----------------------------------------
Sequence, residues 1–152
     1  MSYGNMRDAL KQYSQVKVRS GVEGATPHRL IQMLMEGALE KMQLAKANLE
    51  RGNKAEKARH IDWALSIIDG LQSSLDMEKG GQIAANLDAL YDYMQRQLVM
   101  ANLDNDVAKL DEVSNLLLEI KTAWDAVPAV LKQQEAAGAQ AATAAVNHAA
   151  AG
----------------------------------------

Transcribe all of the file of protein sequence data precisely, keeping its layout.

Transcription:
Sequence, residues 1–152
     1  MSYGNMRDAL KQYSQVKVRS GVEGATPHRL IQMLMEGALE KMQLAKANLE
    51  RGNKAEKARH IDWALSIIDG LQSSLDMEKG GQIAANLDAL YDYMQRQLVM
   101  ANLDNDVAKL DEVSNLLLEI KTAWDAVPAV LKQQEAAGAQ AATAAVNHAA
   151  AG